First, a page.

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Holness v. Gagne

United States District Court, D. Connecticut

April 24, 2019

JUNIOR JUMP HOLNESS, Plaintiff,
v.
GERARD GAGNE et al., Defendants.

          INITIAL REVIEW ORDER

          Jeffrey Alker Meyer United States District Judge.

         Plaintiff Junior Jump Holness is in the custody of the Connecticut Department of Correction (DOC). He has filed this complaint pro se and in forma pauperis under 42 U.S.C. § 1983 to challenge his treatment by prison officials. After an initial review, the Court concludes that Holness's claim for deliberate indifference to serious medical need should proceed against four of the defendants.

         Background

         Holness's filing, while labeled a single complaint, actually contains four sections, with exhibits mixed in throughout. Unlike most complaints, which begin at paragraph one and continue sequentially, each section of Holness's complaint begins again at paragraph one. The first section covers incidents that allegedly occurred in September and October of 2018. Doc. #1 at 1-24. The second and third sections span November 2017 through April 2018, id. at 31-35 & 36-42, and the fourth and final section pertains to June of 2018, id. at 43-68. Given the timeline and the unusual formatting of Holness's filing, with four sections numbered separately and broken up by exhibits, Holness has essentially filed four separate complaints.

         The first section of the complaint alleges the following facts: Holness was transferred to Corrigan Correctional Center on September 11, 2018, where mental health officials placed him in restrictive housing on behavior observation status. Doc. # 1 at 5. The following day, defendants Dr. Gagne and Nurse Brennan met with him and indicated that he would be removed from behavior observation status. Approximately two days later, Holness learned that Gagne had discontinued the psychiatric medications that had been prescribed to treat his mental health conditions, including emotional distress, post-traumatic stress disorder, and schizophrenia. Id. at 6. When Holness confronted Gagne and Brennan about this, Gagne said Holness wouldn't get his medications due to something he had allegedly said to Gagne while confined at a different facility. Gagne said, “[r]emember you called me a homo at Northern [Correctional Institution], that's exactly why I took you off so you can assault staff[] so I can send you back to N.C. I.” Brennan then stated, “you gets nothing.” Id.

         Nursing Supervisor Phillips told Holness that she “was gonna make [his] time here at Corrigan hard” because he had filed a complaint against two members of her staff, defendants Melissa Brown and Sarah Trickett, for maliciously denying him medical treatment. Id.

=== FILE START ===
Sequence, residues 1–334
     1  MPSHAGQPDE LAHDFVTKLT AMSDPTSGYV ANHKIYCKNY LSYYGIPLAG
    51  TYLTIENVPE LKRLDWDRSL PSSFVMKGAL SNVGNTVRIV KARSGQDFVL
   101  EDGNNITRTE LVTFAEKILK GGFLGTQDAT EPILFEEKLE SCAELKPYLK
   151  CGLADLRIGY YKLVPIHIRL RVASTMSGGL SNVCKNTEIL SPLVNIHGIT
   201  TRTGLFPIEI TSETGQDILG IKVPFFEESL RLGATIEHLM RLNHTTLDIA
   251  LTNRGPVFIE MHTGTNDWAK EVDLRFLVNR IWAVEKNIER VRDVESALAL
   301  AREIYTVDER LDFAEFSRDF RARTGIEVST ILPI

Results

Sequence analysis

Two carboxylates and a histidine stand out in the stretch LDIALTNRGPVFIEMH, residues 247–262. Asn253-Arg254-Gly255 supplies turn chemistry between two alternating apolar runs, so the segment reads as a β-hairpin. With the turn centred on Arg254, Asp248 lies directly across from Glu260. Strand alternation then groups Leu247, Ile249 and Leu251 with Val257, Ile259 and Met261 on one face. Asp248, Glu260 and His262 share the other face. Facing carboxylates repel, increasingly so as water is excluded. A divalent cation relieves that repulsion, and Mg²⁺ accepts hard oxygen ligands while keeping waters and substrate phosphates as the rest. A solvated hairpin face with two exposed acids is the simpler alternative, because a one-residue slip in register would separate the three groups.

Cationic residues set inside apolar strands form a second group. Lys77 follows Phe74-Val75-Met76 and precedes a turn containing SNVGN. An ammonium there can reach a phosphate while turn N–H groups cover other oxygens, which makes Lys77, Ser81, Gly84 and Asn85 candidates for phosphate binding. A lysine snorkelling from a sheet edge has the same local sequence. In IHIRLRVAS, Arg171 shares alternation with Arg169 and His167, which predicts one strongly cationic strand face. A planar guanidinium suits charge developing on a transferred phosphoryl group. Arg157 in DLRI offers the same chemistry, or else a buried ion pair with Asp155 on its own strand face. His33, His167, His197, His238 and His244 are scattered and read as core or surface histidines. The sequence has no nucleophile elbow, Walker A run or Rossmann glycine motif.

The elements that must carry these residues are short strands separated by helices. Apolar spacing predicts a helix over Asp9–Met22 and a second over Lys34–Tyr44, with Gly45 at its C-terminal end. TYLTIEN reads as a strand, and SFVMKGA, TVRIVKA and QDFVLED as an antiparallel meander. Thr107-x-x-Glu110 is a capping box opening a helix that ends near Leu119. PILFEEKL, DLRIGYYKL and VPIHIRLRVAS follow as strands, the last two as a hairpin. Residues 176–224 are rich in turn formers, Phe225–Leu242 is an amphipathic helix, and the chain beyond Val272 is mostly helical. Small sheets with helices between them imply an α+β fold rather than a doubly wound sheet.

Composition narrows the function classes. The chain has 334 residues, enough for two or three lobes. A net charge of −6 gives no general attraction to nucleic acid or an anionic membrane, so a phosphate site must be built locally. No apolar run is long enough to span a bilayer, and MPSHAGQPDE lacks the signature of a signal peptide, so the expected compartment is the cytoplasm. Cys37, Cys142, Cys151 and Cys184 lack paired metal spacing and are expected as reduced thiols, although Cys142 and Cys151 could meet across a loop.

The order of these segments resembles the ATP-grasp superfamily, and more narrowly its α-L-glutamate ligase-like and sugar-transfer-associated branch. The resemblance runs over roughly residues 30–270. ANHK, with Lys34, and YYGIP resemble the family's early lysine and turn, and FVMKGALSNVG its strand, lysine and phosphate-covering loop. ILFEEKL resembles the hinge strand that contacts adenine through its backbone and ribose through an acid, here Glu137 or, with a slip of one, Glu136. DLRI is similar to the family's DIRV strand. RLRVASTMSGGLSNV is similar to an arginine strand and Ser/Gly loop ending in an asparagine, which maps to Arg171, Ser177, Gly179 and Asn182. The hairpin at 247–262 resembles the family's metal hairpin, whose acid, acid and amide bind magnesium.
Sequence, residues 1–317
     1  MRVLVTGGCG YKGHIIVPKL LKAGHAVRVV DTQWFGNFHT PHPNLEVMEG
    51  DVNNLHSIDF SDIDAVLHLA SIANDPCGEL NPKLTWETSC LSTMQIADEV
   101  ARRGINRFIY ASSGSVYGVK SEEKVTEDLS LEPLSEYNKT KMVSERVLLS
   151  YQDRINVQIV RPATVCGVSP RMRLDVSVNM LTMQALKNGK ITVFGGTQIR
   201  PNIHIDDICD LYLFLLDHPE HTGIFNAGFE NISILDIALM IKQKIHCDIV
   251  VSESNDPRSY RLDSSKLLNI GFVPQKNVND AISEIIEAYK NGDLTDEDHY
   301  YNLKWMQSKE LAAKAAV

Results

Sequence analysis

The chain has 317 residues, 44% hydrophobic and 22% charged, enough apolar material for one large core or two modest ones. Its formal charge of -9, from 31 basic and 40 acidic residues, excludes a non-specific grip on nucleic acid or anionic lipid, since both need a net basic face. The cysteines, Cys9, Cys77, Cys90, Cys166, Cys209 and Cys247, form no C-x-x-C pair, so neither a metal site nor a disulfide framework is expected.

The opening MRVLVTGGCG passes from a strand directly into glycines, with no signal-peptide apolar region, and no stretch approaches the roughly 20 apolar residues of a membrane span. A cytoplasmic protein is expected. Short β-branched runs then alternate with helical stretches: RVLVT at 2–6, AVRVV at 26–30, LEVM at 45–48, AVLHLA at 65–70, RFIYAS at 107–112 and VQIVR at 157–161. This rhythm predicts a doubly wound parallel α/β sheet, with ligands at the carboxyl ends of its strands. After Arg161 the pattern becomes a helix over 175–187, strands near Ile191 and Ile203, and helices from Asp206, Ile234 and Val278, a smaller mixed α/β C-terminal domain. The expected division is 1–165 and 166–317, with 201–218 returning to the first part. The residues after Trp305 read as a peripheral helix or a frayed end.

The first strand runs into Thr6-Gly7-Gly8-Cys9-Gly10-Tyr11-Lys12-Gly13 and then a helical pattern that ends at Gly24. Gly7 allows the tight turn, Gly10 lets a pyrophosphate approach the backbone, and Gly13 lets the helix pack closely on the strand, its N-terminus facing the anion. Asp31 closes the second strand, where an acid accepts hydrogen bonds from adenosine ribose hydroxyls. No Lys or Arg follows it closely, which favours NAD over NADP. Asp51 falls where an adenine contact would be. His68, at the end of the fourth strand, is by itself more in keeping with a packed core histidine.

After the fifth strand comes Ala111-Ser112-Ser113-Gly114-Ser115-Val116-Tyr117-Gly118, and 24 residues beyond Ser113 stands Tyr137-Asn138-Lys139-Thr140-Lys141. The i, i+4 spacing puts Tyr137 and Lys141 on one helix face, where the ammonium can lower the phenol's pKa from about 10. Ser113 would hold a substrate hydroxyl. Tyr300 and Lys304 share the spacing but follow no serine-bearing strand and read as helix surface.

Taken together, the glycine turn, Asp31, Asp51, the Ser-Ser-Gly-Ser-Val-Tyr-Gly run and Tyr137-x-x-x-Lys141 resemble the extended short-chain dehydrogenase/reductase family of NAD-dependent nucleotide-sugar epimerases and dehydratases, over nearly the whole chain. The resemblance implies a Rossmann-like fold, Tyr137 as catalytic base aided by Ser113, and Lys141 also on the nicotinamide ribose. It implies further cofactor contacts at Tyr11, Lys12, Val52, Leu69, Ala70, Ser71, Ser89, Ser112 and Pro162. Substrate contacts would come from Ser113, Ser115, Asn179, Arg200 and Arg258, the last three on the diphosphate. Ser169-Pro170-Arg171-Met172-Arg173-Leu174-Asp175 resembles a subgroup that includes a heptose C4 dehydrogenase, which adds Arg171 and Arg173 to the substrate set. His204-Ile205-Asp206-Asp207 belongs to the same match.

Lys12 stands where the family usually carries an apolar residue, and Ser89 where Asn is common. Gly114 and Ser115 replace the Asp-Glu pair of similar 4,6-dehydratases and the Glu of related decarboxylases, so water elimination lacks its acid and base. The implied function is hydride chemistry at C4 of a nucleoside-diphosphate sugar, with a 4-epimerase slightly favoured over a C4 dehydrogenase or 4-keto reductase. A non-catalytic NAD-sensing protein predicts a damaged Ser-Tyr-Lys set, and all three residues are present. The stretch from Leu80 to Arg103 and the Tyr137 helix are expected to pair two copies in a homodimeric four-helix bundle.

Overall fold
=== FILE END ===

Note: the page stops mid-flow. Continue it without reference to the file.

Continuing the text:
On September 16, 2018, Holness sent an inmate request form to defendant Dr. Burns, the director of psychiatric services for the D.O.C., stating that he had been taken off his medications and asking Burns to “address this immediately.” Id. at 12.

         In addition to his mental health problems, Holness also suffers from breathing issues, for which the doctor had ordered the use of a breath pump every four-to-six hours as needed. Id. at 7. Holness alleges that he was supposed to be transported to Court by D.O.C. staff rather than Court Marshals, because he needs access to his pump but is not permitted to have it on his person. On September 20, 2018, he was transported to Connecticut Superior Court. He says that he needed his pump; it is not clear whether or not he got it. Holness also alleges that he was sent to MacDougall-Walker Correctional Institution (“MWCI”) on court hold even though he “was not suppose[d] to be there due to a staff conflict profile that was clearly established [in] the system.” Id. at 7.

         When Holness returned from court, he noticed that some of his property was damaged or missing. He complained to defendant Warden Faucher about the property and staff hold issues. He also brought up the inhaler issue, and Faucher told him that “we have full knowledge and that [he] would be sent [to MWCI] for Court and if [he] need[s] the pump they would bring it to [him], ” even though he “is suppose[d] to be special transport to Court wherein [he] can bring [his] pump.” Id.

         On September 26, 2018, Holness was again sent to MWCI in advance of his court appearance. Id. at 8. He was in court later that morning when he started having breathing problems. The Judge told the Marshals to contact the facility or call an ambulance. The Marshal called the facility and “even told the facility that you guys know he has serious medical conditions and should be facility transport to Court.” Ibid. The facility said they would send someone with the pump but never did. Holness was sent to MWCI to wait for transport back to Corrigan. While at MWCI, he passed out due to low oxygen level and high blood pressure, which he believes “was due to lack of [his] inhaler pump.” Id. Holness was given medication to manage these symptoms, and Nurse Debbie, who is not a defendant, called the on-call doctor to ask if Holness needed to be brought to a hospital, as his records indicated that he was at risk of stroke. It is not clear from the complaint whether he was sent to the hospital. Id. at 10.